Yet, despite this guiding principle, there are two previous moments where Cloudflare has deviated from this neutral stance. In 2017, it terminated the Neo-Nazi site The Daily Stormer and in 2019 it terminated the online imageboard 8chan.
Cloudflare has acknowledged that these decisions resulted in a “deeply troubling response” where it saw “a dramatic increase in authoritarian regimes attempting to have us terminate security services for human rights organizations.” When blocking Kiwi Farms, Cloudflare also admitted that the decision only “temporarily addresses the situation” and “by no means solves the underlying problem.”
Cloudflare’s infrequent but repeated abandonment of this neutrality is just one of many examples of pressure campaigns going beyond hosting providers. In many cases, these campaigns have been successful and resulted in users losing access to the internet infrastructure that’s necessary to connect to the internet or stay online.
Recently, several websites were taken offline in Austria after a sweeping block against Cloudflare internet protocol (IP) addresses. The blocking instructions were supposed to target pirate websites but because Cloudflare IP addresses were included in the order, a wide range of non-piracy websites were also blocked. In this instance, no explanation was given until the internet service providers (ISPs) published the blocking instructions.
Shortly after Russia invaded Ukraine, Cloudflare was asked to stop providing security services to websites in Russia and Belarus. The decision would have resulted in many Russian citizens losing access to the information on sites protected by Cloudflare. However, Cloudflare rejected the request and argued that “Russia needs more internet, not less.”
And over the last few years, Cloudflare has faced increased pressure from large copyright holders who attempt to get Cloudflare to block access to sites, even when it hosts none of the infringing content. In 2020, Cloudflare set a new precedent by blocking a piracy site and in 2021, it was ordered to block a pirate site, despite hosting none of the site’s content.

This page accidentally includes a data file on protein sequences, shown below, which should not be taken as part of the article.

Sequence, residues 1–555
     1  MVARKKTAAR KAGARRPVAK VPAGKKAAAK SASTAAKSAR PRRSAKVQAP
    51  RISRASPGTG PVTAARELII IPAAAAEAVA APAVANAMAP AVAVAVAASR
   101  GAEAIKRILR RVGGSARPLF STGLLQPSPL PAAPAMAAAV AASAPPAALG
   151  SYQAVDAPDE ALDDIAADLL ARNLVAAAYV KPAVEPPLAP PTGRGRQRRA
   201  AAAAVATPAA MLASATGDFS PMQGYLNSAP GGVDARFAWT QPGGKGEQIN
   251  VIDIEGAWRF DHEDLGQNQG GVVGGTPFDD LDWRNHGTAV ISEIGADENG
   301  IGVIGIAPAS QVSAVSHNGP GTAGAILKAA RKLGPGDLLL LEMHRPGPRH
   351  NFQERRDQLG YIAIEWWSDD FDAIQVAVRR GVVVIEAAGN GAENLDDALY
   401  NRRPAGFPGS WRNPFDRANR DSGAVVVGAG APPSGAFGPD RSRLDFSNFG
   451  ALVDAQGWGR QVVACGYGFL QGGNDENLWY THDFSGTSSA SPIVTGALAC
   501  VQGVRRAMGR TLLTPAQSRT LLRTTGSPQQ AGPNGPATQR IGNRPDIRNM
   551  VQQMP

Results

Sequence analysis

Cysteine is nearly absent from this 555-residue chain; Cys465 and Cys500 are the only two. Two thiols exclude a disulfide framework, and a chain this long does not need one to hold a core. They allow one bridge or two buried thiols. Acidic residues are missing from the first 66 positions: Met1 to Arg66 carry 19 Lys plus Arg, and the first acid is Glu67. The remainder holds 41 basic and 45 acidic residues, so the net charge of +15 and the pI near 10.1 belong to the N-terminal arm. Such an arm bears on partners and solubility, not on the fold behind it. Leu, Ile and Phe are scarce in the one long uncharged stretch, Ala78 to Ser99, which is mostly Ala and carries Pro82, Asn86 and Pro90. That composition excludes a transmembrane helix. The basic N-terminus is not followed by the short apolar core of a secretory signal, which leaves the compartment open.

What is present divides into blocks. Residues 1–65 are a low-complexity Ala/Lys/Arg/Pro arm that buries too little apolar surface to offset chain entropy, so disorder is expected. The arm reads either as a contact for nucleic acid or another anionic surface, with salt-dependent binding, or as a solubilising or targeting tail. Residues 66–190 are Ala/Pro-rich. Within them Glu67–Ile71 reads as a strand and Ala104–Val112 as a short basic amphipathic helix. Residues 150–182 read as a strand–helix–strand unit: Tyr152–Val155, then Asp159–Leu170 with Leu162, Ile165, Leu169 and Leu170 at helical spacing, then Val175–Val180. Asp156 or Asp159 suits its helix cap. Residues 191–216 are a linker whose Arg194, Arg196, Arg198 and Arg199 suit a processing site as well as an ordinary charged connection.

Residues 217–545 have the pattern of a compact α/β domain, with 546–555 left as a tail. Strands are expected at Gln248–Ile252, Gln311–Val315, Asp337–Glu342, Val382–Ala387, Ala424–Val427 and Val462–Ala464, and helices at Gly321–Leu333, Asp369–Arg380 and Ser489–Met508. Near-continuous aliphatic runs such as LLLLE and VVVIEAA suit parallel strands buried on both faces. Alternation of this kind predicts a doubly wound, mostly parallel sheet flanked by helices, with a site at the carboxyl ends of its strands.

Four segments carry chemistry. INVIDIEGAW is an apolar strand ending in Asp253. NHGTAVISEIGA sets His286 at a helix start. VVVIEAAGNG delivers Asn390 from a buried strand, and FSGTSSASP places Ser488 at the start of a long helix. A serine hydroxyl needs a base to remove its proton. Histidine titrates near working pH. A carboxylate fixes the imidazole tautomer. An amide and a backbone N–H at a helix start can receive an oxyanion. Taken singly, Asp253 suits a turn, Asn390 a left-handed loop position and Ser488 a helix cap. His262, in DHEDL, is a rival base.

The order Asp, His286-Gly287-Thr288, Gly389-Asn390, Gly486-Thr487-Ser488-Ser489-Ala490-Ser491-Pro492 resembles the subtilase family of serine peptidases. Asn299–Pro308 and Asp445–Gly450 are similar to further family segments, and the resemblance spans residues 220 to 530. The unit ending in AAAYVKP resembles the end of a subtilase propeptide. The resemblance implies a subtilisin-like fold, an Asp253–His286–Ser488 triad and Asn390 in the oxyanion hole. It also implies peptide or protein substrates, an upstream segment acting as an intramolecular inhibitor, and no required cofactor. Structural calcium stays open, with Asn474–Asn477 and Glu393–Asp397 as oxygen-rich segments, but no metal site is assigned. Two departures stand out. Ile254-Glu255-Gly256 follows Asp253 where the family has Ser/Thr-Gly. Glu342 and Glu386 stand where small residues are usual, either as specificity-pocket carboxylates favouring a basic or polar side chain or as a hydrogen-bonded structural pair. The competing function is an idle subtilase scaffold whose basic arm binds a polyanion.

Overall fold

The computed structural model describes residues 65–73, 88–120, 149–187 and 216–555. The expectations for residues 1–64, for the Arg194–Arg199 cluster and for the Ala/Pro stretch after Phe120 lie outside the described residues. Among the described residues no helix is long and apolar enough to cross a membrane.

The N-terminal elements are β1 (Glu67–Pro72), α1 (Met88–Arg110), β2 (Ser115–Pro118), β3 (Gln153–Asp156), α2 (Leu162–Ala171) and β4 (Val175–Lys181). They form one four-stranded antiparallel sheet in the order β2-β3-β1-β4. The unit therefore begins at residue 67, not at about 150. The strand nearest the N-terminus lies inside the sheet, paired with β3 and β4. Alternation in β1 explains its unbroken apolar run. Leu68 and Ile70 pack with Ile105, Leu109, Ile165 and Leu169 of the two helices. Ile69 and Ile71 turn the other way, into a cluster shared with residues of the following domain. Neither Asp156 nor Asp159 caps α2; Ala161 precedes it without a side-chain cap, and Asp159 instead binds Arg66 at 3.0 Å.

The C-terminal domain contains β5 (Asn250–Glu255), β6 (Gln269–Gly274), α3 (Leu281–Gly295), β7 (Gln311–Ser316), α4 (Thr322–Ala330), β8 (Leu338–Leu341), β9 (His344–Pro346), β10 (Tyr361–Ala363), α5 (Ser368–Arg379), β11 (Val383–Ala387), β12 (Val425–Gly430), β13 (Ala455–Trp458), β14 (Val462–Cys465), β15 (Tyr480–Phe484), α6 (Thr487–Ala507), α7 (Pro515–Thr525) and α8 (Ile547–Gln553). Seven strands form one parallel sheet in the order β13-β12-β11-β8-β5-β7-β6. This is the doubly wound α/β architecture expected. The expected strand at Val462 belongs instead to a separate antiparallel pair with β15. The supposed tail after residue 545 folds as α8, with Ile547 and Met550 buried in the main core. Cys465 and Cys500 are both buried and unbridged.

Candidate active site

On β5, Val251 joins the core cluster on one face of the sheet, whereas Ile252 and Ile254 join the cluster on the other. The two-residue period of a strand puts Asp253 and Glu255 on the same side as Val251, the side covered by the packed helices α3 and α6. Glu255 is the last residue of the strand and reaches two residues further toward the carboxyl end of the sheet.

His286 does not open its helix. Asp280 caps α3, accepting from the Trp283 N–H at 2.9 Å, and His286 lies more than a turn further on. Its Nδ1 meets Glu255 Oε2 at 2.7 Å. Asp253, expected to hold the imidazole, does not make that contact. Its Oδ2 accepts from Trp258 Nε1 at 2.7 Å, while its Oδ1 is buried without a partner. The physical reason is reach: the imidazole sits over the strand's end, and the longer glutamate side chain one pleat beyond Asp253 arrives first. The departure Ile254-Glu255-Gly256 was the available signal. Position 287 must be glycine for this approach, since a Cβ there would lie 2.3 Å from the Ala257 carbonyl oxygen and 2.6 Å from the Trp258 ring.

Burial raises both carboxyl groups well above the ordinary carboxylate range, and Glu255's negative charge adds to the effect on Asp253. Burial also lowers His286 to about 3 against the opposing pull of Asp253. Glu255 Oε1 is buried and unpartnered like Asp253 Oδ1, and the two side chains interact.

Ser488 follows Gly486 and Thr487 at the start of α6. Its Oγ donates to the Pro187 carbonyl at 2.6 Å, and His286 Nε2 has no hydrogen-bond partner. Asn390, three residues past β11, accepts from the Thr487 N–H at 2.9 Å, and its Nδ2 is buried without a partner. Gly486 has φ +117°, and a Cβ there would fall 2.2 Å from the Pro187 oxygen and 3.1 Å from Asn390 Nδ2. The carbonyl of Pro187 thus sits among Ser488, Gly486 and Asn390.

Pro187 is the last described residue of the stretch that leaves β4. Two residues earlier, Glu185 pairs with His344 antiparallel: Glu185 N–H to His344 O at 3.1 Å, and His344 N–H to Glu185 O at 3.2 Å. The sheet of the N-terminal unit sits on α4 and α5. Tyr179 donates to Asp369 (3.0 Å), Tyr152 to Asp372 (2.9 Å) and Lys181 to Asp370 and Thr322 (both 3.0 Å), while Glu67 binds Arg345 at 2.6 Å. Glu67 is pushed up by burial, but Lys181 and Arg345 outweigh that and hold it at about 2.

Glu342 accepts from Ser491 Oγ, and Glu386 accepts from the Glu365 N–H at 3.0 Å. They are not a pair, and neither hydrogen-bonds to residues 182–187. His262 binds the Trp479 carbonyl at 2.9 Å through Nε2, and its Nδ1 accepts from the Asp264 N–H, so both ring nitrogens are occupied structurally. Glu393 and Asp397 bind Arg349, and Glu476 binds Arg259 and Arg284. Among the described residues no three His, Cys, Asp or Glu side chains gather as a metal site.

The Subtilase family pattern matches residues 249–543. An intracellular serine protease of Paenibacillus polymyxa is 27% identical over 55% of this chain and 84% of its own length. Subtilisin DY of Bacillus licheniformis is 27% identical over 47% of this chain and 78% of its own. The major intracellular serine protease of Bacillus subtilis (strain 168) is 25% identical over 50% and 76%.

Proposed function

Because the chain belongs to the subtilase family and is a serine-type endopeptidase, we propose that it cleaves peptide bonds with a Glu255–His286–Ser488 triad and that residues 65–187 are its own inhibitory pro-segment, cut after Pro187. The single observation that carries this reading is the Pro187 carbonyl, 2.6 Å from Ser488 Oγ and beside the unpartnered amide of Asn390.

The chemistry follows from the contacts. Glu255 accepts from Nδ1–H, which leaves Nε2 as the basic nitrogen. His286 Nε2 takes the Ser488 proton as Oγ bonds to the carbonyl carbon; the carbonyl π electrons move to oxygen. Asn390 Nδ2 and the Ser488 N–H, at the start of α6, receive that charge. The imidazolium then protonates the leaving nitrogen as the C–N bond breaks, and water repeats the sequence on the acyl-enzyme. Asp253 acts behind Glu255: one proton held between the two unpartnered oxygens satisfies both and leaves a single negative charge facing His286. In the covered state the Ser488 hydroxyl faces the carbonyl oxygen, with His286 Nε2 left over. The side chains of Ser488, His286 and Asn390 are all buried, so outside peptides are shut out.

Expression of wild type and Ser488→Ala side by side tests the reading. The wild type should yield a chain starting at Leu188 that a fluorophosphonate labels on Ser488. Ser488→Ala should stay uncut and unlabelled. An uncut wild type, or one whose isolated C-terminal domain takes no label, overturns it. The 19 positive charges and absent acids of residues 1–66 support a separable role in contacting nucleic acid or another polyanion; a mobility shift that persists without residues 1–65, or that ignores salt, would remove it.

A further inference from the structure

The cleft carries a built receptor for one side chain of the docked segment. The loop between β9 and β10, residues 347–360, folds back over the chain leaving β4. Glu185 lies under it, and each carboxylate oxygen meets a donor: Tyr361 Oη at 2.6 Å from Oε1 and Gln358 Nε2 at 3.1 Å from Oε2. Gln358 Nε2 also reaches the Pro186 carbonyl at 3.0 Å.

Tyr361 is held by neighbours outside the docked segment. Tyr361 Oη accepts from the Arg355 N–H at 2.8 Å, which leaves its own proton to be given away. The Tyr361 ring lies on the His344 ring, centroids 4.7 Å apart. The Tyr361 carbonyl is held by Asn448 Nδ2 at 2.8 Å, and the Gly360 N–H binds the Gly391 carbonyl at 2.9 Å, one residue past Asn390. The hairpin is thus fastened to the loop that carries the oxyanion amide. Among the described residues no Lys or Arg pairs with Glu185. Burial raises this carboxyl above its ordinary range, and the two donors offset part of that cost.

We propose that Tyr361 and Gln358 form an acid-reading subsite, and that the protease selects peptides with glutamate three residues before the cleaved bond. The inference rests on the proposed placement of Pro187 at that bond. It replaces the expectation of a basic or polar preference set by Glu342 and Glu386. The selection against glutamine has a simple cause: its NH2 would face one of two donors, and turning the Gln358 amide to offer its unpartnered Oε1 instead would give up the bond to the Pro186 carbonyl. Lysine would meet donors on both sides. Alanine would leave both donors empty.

These attempts to target important pieces of internet infrastructure aren’t just aimed at Cloudflare. The Internet Archive, which is supposed to be a neutral historical archive of webpages, has also removed content on copyright grounds. After mainstream media outlets complained that its archives were allowing “misinformation” to spread, the Internet Archive started adding warning labels and “fact-checks” to its archives. Several sites, including Kiwi Farms, have even been outright excluded from the Internet Archive.
ISPs, which are supposed to be neutral providers of access to the internet, are another example where a crucial piece of internet infrastructure is losing its impartiality. They regularly face lawsuits from movie producers that pressure them to disconnect alleged copyright infringers from the internet. Some ISPs have cut off internet access for alleged infringers and one court has ruled that ISPs can avoid liability if they disconnect alleged infringers.
Copyright is just one of the arguments that’s used to justify the targeting of internet connectivity. Quinnipiac University recently threatened to cut off internet access for unvaccinated students and other universities have also introduced similar policies.
While these examples are currently the exception rather than the rule, the tide is turning and pressure campaigns are becoming increasingly successful at getting essential internet infrastructure providers to abandon their neutrality.